Beatnik and hippie were a creation of American commercial and political capitalism, believe it or not. And the “Baby Boomers” fell for it.

.

HOY !

The 1950’s Hudsons

Started in 1909, the Hudson
Motor Car Company was an
innovator in automotive
manufacture and design
until it’s eventual dissolution
into the corporate mess that
became American Motors
beginning in 1954.

It’s probably most
remembered today
as the “sleek and spacious”
car that Sal Paradise,
Dean Moriarty and Marylou
traveled cross-country in
during their adventures
in Jack Kerouac’s seminal
novel ” On The Road ” —

— a 1949 Hudson
Commodore Custom.

Interestingly enough,
most people think of it as a
Hudson Hornet, but that
model wasn’t produced
until 1951.

Still, both the Commodore
and the Hornet were probably
the most well-regarded of
the Hudson line:

Introduced right before the
U.S. entry into World War II,
the Commodore was the
biggest and most luxurious
car that Hudson made —

— much of the interior and
some of the body styling
were fashioned by Detroit’s
first female automotive
designer, Betty Thatcher.

The timing of the war delayed
what would have been more
dramatic styling changes –
but when they were finally made,
(1948) the Commodore seemed
to be running a bit in front of
their competitors style-wise.

The step-down uni-body
construction made the car
quite a bit lower and much
more nimble.

And technically, it had all
the bells and whistles.

Commodore consumers could
choose from a 102 HP
straight-six or a 128 HP
straight 8 cylinder 254,
and at the end of 1941
could order a “Drive-Master”
transmission with three
shift modes:
1: automatic,
2: automated clutch only,
or 3: fully manual.

By 1952, however, the car
was surrounded by competitive
cars that were more aggressively
styled – and after 1953, the
Commodore line was scrapped
to concentrate resources on the
storied Hornet, the Wasp
(replacing the Pacemaker),
and their compact entry in
1953 and 1954, the short-lived
Hudson Jet.

The Hudson Hornet had a lot
to offer consumers in 1951-
it featured a ‘step-down’
uni-body similar to the
slightly more expensive
Commodore, with streamlined
design, superior handling
characteristics and low center
of gravity which made it great
for family cars or for racing.

But it’s straight-six H-145
engine’s power was a bit lacking-
which was certainly improved
in 1952 when a flat-head
L-6 308 with a two barrel
carburetor, called the
” largest six-cylinder engine
in the world ” was offered
as an option.

After 1954, the Hudson line
was absorbed fully with Nash
Kelvinator into the new AMC
company,

— the long awaited
‘new generation’
1955 Hornet turned out
to look like just another
old-fashioned looking
Nash –>

— and the bottom of their
disappointed buyer base
fell out.

By 1957, the Hudson name
was dropped completely,
replaced by the Rambler marquee.

But the flat-head Hornets
of 1952-1954 —
well, those were the
“Twin-H-Power” set ups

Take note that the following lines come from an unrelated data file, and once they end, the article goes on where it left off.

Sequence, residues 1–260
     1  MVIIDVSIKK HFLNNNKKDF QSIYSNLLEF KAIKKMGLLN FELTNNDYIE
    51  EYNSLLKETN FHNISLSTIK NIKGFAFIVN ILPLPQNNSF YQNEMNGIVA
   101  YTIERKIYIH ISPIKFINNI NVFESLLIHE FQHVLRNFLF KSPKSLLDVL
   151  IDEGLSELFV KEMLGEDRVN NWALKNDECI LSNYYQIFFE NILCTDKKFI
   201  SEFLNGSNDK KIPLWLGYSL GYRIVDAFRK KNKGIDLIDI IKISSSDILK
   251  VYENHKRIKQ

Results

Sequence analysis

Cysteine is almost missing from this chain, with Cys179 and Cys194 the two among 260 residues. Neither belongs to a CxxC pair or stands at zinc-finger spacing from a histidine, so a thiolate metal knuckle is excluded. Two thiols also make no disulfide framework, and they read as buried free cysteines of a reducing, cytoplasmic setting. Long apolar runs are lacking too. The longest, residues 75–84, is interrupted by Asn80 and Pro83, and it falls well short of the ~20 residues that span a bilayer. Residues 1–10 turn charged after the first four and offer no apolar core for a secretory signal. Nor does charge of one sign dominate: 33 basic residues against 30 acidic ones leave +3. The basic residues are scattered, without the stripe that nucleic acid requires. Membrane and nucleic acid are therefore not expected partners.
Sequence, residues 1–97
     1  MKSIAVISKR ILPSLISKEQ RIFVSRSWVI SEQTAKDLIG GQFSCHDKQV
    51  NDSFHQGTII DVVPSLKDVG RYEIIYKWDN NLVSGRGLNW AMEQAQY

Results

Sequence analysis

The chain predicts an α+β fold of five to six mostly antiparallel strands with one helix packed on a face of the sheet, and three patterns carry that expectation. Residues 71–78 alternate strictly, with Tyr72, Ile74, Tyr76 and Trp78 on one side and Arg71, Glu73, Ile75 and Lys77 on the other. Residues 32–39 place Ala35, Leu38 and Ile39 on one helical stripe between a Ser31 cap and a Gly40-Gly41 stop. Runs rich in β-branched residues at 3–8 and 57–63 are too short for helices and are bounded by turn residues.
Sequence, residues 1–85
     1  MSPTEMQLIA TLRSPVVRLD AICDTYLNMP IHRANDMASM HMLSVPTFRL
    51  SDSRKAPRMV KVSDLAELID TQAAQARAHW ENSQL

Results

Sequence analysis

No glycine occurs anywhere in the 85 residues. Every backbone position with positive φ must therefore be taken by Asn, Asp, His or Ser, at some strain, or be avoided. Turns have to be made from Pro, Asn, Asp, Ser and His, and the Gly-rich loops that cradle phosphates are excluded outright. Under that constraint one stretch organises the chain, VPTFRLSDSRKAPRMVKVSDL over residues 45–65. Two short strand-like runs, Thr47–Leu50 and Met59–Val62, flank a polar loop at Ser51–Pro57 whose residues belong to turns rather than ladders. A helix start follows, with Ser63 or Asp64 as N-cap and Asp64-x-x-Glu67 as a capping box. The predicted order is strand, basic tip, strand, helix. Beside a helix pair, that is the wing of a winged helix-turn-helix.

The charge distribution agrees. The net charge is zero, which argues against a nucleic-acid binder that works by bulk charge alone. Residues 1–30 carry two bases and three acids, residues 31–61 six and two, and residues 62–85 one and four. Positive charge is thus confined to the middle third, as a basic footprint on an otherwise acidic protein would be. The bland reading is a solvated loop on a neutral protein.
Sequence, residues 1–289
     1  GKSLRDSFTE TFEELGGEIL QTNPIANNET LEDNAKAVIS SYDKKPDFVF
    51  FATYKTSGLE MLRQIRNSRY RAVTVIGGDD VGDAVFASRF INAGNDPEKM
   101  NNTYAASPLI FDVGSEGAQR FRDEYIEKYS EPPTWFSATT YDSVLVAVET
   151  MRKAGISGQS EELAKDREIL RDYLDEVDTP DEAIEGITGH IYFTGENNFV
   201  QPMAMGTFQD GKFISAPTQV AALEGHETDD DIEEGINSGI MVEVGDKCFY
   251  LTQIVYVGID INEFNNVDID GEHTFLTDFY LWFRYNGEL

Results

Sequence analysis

that won the hearts of
NASCAR fans in the early
part of the decade,
and what still makes
those vintage Hudson
Hornets very memorable
cars even today.

!! HOY !!

You Got Me Sticky

I don’t drink it
a lot anymore….

but when I was
a kid, boy, did I
have a yen
for soda pop.

I wasn’t allowed to
have it, usually
(it’s ‘bad for your teeth’)
but every once in a while,
we as a family would
get ourselves invited
to my great-uncle Frank’s house –

— and his eleven kids had no
such draconian dental health
decree hanging over them …

so I could practically drown
in the stuff over there –

when my parents weren’t
looking, anyway.

And drink my fill,
I surely did.

So much so, that now,
I barely can tolerate
the stuff.

Maybe the substitution of
HFCS (high fructose corn syrup)
for sugar is part of the problem..

– but truthfully, I just don’t
need all those empty calories,
anyway.

Despite being in the gymImage result for vintage soda poster
five days a week, my weight
has started to challenge me
a bit at my age, and the
trade off between a bottle
of soda pop and an extra
hour of cardio hardly seems
worth it.

(Exception:
if you’re a Southerner,
try to find some
Blenheim Ginger Ale
– the one with the red cap —
— I highly recommend it —
assuming you love
ginger, like I do )

It’s also true that a lot of the
really cool soda brands that
I liked are all gone now…

Hell, as a teenager,
I even liked the
original Fresca.

Remember old Coke in
those 6 ounce bottles ?

Cold as the iceberg that
sank the Titanic .

Ahhh…..
man, that was good.

Yes, you can still get original
Coke in 6 ounce bottles
(with sugar and not HFCS )
— in Mexico.

Interesting.

It tastes like you
remember it, too.

I won’t bother meditating 
on why such a thing
is such a thing.

Just another reason to look
forward to going back to the
Yucatan, s’all.

(Don’t forget the fish tacos
and the pretty señoritas. )

Anybody remember
the old fable about how
you could get a cheap
high off an RC Cola
and aspirin?

Nope.
It doesn’t work.

But the making a rocket out
of a 2 liter bottle of Diet Coke
and Mentos really does —
— stand way back, jack !!!

I hope you don’t mind getting
sticky soda all over everything.

Ah well.
Sticky ain’t always bad, right ?

!! HOY !!

.